The strength of this measuring instrument lies in its general design. Instead of a permanently tensioned spring, there is an additional lever. The tension behind it is always at zero. When a screw is tightened on this small lever, the acting torque is displayed. If you let go, it jumps back to zero. In addition, you can use the tool as a measuring instrument and a simple wrench in equal measure. And you don’t have to worry about the measurement becoming inaccurate. Super practical!

sports range
The additional lever at the end indicates the torque acting at that moment. Unlike “conventional” torque wrenches, this one does not trigger a “click” but shows the torque acting at that moment. This design is less sensitive.

In this respect, this article is first full of praise for the product. And in fact, I am very positively taken. After all, I have already reported on small torque wrenches for the bike. But the Feedback Sports Range is actually exactly what there was not before. Either one had a super small torque wrench (eg in the above-linked post from Topeak) but only severely limited usability (because only fixed torque intervals are available). Or you bought a full-fledged torque wrench with 1/4″ or 3/8″ ratchet right away. That is also quickly overshot the mark for a small home workshop.

In this respect, I am actually very convinced of the torque wrench tested here as a solution. However, the price is set a bit high – unfortunately. If only this would be taken as a measurement criterion, then already a “large” torque wrench could also offer. Quite apart from the function and compactness. Therefore, here are the strengths and weaknesses that the range has in my opinion.

A real test in comparison with a “real” (calibrated) torque wrench you will find.

Torques In Direct Comparison

torques in comparison
Torque wrenches accumulate at some point in a bicycle workshop. If you ever build up a whole bike, then you will also use the full range of torques.

Fortunately, I have a few comparative instruments available. The Proxxon (20Nm-100Nm) and Wera (0Nm-25Nm) torque wrenches are both calibrated. And are therefore very well suited as a reference to check how accurately the Feedback Sports Range is set.



Result: The range has applied exactly the indicated torque. The large torque wrench comes to the same result. I could also measure the 8Nm with the Wera torque wrench. In this respect, the measurement tolerance will be somewhere around 5-10%, which should be absolutely sufficient for the application on the bike.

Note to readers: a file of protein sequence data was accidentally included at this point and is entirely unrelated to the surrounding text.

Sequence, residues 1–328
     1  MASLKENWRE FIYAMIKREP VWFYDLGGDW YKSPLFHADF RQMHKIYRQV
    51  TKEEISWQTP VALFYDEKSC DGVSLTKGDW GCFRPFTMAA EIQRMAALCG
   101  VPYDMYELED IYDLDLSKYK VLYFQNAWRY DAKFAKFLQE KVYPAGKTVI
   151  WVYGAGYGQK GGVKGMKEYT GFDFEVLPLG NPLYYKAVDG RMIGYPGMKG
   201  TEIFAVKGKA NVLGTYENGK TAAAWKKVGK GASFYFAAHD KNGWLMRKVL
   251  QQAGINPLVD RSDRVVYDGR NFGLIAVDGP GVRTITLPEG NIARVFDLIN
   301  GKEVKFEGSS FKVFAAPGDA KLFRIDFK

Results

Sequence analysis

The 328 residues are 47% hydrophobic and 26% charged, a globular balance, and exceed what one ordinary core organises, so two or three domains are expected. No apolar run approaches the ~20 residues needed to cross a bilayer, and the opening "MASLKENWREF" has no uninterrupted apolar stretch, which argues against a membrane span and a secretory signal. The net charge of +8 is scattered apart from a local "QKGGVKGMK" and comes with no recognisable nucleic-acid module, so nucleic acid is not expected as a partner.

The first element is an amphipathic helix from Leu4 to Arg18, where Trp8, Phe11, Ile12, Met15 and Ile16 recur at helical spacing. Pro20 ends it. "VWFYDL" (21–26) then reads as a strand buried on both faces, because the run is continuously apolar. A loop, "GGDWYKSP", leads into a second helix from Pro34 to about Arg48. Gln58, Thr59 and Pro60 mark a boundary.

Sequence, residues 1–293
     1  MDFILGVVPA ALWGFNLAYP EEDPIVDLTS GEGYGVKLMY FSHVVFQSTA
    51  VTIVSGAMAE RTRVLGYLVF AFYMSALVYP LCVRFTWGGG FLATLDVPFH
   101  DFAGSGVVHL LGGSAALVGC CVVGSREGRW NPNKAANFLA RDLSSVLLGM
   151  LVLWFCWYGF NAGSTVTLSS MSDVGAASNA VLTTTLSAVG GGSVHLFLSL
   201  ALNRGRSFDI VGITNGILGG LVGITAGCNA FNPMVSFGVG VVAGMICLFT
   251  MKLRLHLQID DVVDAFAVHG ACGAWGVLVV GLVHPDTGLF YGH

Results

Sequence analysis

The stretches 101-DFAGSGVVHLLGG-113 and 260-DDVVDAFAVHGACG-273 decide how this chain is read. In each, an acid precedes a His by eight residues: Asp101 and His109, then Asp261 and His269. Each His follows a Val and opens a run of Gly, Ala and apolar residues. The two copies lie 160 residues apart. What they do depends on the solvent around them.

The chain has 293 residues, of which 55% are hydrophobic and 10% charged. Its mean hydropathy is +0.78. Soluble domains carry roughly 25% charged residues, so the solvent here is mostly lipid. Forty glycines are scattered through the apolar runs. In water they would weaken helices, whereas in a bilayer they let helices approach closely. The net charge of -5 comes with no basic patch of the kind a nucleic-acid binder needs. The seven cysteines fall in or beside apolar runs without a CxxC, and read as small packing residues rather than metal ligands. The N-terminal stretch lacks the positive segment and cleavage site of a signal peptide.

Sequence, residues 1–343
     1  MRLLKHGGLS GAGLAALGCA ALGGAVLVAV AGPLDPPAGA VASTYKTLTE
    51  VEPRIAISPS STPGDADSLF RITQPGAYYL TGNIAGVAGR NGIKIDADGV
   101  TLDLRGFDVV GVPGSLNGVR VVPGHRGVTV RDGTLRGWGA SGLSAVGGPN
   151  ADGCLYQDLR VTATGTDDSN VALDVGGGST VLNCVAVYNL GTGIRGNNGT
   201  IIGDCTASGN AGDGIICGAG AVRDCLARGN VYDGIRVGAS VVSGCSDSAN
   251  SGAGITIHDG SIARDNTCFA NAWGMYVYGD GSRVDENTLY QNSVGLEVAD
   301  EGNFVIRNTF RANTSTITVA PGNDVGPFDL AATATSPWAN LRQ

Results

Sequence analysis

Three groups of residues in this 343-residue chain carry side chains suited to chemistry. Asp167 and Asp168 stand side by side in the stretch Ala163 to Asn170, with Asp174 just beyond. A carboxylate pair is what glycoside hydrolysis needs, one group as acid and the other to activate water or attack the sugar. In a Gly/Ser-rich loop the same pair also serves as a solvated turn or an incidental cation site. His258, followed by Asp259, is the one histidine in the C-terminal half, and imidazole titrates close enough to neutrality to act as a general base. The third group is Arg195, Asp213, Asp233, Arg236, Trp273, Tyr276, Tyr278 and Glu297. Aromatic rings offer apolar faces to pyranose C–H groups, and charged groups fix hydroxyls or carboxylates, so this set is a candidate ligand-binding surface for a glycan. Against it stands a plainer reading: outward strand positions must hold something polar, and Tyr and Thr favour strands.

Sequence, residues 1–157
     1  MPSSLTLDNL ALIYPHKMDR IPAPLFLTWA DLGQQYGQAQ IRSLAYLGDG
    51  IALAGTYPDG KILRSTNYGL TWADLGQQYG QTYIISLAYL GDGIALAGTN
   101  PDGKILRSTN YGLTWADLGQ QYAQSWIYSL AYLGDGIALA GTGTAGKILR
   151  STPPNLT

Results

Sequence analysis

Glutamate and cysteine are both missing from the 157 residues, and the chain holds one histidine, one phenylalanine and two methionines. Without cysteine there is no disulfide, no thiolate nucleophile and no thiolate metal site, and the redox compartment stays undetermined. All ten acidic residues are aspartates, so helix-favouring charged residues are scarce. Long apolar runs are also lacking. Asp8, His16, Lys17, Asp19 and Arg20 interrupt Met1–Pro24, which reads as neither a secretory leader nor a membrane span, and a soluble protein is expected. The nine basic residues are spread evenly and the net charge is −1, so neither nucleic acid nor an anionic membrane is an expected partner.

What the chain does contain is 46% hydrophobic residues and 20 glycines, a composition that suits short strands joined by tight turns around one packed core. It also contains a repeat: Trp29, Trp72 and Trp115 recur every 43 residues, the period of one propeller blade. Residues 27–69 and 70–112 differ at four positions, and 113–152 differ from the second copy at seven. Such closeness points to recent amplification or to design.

Scope Of Delivery And Data

Finally, the technical data. The torque measurement is between 2-10Nm, for a table of which components require which torque you can check this post on torque wrenches in general. Similar to a “ratchet”, the range can be used with left and right rotation functions.

The following bits are included in the scope of delivery including bag: 2, 2.5, 3, 4, 5, 6, and 8mm Hex (hexagon) as well as T10, T20, T25, and T30 Torx, two extensions, a square adapter, and a cross bit.

Conclusion On The Feedback Sports Range

The Range will find its place in any bicycle workshop. Because it is perfect for most smaller torques. At the same time, it is robust and always ready for use, without having to worry about measurement inaccuracy. Also, he has shown in comparison that the knitted torque can be confirmed with other torque wrenches.

Therefore, from my side a clear buy recommendation, if you are just looking for exactly this part for your workshop.

Torque Wrenches Are A Measuring Instrument

Contrary to what is often wrongly assumed, the torque wrench is not a tool. It is true that they often have a high torque due to a long lever. But this is a fallacy. You must never use the torque wrench to loosen tightly seated screws! Because this overstresses the measuring mechanism and the torque can no longer be measured correctly.

A torque wrench is a measuring instrument. And should only be used to determine the torque when tightening a screw. You should not use more force than is needed to release it (the “click” when tightening).